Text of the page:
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I am drawing towards the end of the horrifying and addictive series that has had me transfixed for months now–and how I dread that moment, hearing the narrator say, “The End. You have been listening to…”

This author, Steven Erikson, has a way with names–during the stories we meet hundreds of characters, with such fine names as Whisky Jack, Dujek Onearm, Icarium, Anomander Rake, Karsa Orlong, Toc the Younger–all with​ ​
complex ​histories and family; is it any wonder there are so many of the books, with each one going into such detail, such stories.

So in this last book (Book TEN, if you can believe it) we come to the final last battle, Armageddon as it might be, and the valiant Brys Beddict is ​battling Brother Diligence, a Forkrul Assail​ ​(=​ ​terrible non-​​human creatures​ ​who can enslave humans by using their voices)​. ​But Brys has within him hundreds of names, the names of forgotten gods, whom he had promised to honor by remembering. And he confronts the monstrous creature and speaks the complicated ancient names of the lost gods: …

‘”Saeden Thar, Lord Protector of Semii, Haravathan of the River People, Y’thyn Dra the Mountain of Eyes, Woman of Sky above the Erestitidan, Blessed Haylar Twin-Horns of the Elananas, Horastal Neh Eru SunBearer and Giver of Crops in the Valley of the Sanathal, Itkovas Lord of Terror among the K’ollass K’Chain Che’Malle of Ethilas Nest…’ And the names rose unending, flowing through Brys Beddict’s mind, one after another. ‘Tra Thelor of the Twin Rivers, Sower of Spring among the Grallan. Adast Face of the Moon among the Korsone…’ All the forgotten gods…” ​ ​

Brother Diligence​ ​is overwhelmed, overthrown.

Mr. Erikson was an archeologist and anthropologist before he turned fictioneer, and he studied many a lost civilization whose gods died with them.​ There are many elegiac moments in the books,​ ​steeped in sorrowful remembrance of things past.

 

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Cultural Event

I’m sure you are all familiar with college theater, which can be surprisingly good–and of course, surprisingly horrid–but which is always available, and very grateful to the wallet. I just attended such a show–of the surprisingly good variety–and during the perhaps a TEENSY BIT long fund-raising spiel that preceded the show, the worthy dean mentioned that tickets for the show cost less than parking at the Kennedy Center. Well of course, MOST things cost less than parking at the K Center, but still, I see his point.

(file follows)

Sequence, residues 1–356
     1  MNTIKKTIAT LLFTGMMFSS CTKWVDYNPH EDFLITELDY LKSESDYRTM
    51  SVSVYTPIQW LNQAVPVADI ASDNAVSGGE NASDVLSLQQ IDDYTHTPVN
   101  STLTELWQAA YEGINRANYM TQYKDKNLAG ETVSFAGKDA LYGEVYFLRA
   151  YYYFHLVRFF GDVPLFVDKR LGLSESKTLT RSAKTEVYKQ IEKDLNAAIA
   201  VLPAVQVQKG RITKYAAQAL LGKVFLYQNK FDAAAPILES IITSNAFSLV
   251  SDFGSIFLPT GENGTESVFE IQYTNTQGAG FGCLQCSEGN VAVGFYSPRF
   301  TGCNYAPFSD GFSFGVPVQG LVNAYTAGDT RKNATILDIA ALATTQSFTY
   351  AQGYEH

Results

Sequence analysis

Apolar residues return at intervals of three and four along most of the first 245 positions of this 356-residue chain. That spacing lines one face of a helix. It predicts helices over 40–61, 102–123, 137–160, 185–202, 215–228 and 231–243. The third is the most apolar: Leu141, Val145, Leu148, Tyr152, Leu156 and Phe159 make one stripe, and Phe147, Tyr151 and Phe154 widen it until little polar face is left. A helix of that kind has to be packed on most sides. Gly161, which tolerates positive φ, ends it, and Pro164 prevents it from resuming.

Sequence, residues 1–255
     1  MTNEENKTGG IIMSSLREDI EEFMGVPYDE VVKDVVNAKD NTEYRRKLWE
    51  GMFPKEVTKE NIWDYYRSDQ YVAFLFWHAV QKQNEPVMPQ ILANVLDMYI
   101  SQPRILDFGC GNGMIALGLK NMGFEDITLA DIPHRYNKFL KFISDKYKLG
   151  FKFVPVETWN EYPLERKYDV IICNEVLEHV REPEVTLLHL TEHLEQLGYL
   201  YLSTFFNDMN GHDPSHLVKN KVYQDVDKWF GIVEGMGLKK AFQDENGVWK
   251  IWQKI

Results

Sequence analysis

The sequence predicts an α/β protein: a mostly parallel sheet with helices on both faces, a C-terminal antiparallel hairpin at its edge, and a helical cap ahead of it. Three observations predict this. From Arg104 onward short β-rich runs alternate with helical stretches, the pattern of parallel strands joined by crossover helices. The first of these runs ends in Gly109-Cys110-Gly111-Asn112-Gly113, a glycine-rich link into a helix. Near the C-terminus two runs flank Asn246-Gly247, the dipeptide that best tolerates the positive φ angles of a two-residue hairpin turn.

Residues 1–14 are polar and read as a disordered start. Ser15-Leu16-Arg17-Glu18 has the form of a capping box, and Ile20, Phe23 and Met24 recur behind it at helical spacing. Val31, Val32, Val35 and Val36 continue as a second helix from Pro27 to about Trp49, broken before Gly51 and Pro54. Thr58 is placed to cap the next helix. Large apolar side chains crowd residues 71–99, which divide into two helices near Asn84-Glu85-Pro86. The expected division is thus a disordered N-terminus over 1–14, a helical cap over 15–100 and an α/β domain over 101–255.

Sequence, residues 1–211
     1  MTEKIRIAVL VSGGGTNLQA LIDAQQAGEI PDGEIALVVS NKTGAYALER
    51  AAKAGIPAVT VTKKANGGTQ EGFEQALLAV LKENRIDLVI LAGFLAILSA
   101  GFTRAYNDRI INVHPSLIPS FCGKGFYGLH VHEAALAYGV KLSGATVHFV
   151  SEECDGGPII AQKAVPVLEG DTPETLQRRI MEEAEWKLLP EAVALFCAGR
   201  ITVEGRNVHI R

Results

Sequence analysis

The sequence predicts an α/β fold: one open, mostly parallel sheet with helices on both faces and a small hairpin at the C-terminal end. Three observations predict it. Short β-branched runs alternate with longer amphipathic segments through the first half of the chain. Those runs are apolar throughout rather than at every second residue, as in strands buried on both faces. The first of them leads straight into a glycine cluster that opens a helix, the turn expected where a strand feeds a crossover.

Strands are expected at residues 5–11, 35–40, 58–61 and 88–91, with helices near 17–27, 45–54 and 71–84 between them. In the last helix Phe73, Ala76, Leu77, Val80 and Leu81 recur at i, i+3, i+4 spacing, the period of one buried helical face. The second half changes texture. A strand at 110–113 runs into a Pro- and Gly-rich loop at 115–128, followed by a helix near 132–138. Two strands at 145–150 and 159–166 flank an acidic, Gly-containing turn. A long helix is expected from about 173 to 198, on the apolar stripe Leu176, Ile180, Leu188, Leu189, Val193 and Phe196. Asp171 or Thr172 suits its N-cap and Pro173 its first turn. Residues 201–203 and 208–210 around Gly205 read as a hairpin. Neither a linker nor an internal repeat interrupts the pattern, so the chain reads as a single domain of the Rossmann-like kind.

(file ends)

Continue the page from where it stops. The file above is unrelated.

The show was at the Hartke Theater, of Catholic University, where my parents used to take us back in the stone age–they were ever on the lookout for thrifty ways of introducing their children to culture. For more expensive shows, they chose one amongst us on a rotating basis. (I will never forget that black day when the grim chore of child sacrifice to culture fell on me and I experienced Handel’s Messiah for the first time. A quick perusal of the text had fostered the comforting illusion of brevity—HA! A vile trick! I was outraged to discover that having once sung whatever it was–they went and SANG IT OVER AND OVER AND OVER. Hours and hours passed by. The infant Hope fumed.)

So now, some 60 years later, my kindly nephew and his family invited me to see the Hartke Theater’s boffo version of Kiss Me Kate, that grand show. I had seen it at the Shakespeare Theater a couple years ago, and this show was actually more fun, if of course less professional. Fine singing, good sets, and if some of the costumes were heinous, I have seen worse. (Though perhaps not MUCH worse than the fairly ghastly attempt at a cod-piece which possibly was meant to be humorous but which covered the groin like a frontal diaper. Spare my blushes, Catholic University!) However, nothing could be more garish than the costumes of the original production.

One of the songs has aged badly, alas, and is something of a trial for modern audiences-gamely performed by the charming young singers, but they must have had inward misgivings:

I’m a maid who would marry
And will take double-quick
Any Tom, Dick or Harry,
Any Tom, Harry or Dick.
Dick, dick, dick,
A dicka dick,
Dick, dick, dick,
A dicka dick,
Dick, dick, dick,
A dicka dick,
Dick, dick, dick,
A dicka dick!

Which brought to mind a VERY NAUGHTY SONG by Frank Zappa which I will not sully these pages by quoting but will just add a teensy link. I always liked Frank Zappa–what might he have accomplished if he hadn’t died so young!

I continue to read the wildly inappropriate series by Steven Erikson, dripping with gore and ghastly violence. I have even–to my shame–introduced my dear friend Cathie to the Dark Side. She too has descended into the depths of this terrible addictive series.
What can I say–è più forte di me.
So today I was listening to a scene where some unbelievably horrid violence has taken place, and the Dark Lord ShadowThrone–once ruler of a mighty empire on earth, and now God of the Realm of Shadow—appears once the battle is done. Cotillion, dark Second to ShadowThrone, is with him, and somehow the conversation strays to…ShadowThone’s mother: “every time we end up in the same room I can see the disappointment in her eyes, and hear it in her voice. “Emperor? Oh, that empire. So now you’re a god? Oh dear, not Shadow? Isn’t it broken? Why did you have to pick a broken realm to rule? When your father was your age…” Aagh, and on and on it goes! ​”
​Cracks me up!​